Coastkeeper’s SmartScape at Home

Marianne Hugo volunteered at the Coastkeeper Garden for five years and created a drought-tolerant landscape in her backyard in Orange.
Photograph by Emily J. Davis

What’s great about Coastkeeper’s SmartScape program is that when you’re first starting (to transition to a drought-tolerant landscape), you have a lot of questions. You can call up Coastkeeper and they’ll give you answers to your questions, including how to apply for a rebate or what plants are the best. Going to the Coastkeeper Garden and seeing the plants in person makes a huge difference. All the plants at the nursery are cute little plants in 1-gallon pots. So people go to a nursery and buy all these plants not realizing that in five years it’s going to grow into a 10-by-15-foot shrub. If you go to a garden that is established, you can see the plants at maturity.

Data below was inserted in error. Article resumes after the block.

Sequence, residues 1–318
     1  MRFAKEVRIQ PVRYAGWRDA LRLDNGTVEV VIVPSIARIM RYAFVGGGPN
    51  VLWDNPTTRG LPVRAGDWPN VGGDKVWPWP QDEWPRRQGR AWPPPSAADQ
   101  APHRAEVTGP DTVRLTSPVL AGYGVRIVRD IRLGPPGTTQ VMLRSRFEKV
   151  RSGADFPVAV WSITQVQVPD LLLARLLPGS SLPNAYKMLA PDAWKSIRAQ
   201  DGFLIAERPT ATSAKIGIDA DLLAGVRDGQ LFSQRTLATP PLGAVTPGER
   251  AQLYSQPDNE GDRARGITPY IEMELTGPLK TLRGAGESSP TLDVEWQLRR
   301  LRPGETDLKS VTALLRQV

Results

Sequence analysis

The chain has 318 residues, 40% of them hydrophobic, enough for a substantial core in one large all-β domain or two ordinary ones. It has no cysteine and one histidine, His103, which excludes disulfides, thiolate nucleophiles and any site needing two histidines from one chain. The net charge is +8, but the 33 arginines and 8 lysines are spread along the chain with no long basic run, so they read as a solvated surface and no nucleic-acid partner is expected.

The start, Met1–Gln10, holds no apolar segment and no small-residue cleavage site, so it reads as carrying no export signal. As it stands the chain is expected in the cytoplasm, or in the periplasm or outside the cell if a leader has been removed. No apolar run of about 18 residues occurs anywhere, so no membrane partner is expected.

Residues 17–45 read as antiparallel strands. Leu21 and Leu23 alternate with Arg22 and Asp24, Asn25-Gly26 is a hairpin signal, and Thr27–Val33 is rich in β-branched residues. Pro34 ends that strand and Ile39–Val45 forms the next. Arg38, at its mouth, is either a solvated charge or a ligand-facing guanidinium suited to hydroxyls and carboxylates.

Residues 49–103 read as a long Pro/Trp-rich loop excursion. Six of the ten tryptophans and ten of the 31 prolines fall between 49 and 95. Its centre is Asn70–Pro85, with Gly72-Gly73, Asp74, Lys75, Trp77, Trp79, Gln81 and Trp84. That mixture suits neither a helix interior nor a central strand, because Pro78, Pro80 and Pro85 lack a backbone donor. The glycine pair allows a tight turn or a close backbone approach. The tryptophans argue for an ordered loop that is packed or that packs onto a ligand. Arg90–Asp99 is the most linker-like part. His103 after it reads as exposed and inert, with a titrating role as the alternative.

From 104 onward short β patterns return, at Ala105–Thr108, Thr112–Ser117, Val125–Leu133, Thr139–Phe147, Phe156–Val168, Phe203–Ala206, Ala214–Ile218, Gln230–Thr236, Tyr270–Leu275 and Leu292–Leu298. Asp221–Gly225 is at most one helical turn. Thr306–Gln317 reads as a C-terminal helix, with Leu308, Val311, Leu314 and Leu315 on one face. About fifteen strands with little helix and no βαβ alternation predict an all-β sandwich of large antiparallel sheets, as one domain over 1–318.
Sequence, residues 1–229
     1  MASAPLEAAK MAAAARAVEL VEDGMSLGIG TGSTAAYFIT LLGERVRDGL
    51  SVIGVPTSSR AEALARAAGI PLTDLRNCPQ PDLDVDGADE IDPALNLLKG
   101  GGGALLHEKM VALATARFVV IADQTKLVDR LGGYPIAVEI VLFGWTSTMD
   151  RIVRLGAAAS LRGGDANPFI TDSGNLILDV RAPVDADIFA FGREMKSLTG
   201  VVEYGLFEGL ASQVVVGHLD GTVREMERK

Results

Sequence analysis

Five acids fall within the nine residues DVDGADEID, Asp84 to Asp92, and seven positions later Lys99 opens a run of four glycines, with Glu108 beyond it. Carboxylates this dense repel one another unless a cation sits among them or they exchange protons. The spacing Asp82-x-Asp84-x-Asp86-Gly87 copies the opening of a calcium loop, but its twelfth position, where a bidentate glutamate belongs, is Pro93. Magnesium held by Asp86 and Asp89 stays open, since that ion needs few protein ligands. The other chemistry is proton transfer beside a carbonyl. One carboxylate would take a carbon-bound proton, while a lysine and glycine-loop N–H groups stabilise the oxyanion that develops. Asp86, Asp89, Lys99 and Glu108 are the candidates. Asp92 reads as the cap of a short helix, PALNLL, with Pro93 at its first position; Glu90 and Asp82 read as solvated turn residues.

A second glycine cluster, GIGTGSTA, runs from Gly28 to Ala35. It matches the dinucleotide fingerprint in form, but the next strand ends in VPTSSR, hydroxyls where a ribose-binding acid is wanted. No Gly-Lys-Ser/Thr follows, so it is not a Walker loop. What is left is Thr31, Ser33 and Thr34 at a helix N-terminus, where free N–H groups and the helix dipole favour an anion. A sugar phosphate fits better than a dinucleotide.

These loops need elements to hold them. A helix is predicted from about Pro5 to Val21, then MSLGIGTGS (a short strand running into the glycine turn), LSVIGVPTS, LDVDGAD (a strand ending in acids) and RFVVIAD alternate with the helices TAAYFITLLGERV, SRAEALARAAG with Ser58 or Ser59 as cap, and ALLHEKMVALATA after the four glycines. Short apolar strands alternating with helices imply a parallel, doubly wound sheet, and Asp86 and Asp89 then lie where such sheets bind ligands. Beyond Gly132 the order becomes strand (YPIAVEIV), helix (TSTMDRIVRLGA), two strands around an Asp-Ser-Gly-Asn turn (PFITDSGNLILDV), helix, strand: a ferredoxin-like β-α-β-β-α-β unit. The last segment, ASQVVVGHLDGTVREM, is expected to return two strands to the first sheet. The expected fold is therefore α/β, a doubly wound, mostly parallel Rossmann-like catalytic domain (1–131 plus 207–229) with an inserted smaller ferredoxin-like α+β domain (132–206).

When you first plant your yard, it looks really sparse because the plants come in small containers. The advantage of planting your plants small is they establish better, and they develop a better root system, but you have to give it time. It takes six months to a year to fill in. They’re slower growing, but that’s also the reason why they take less water, and you don’t have to prune them as often.”

Read More from our February 2023 H2OC Issue: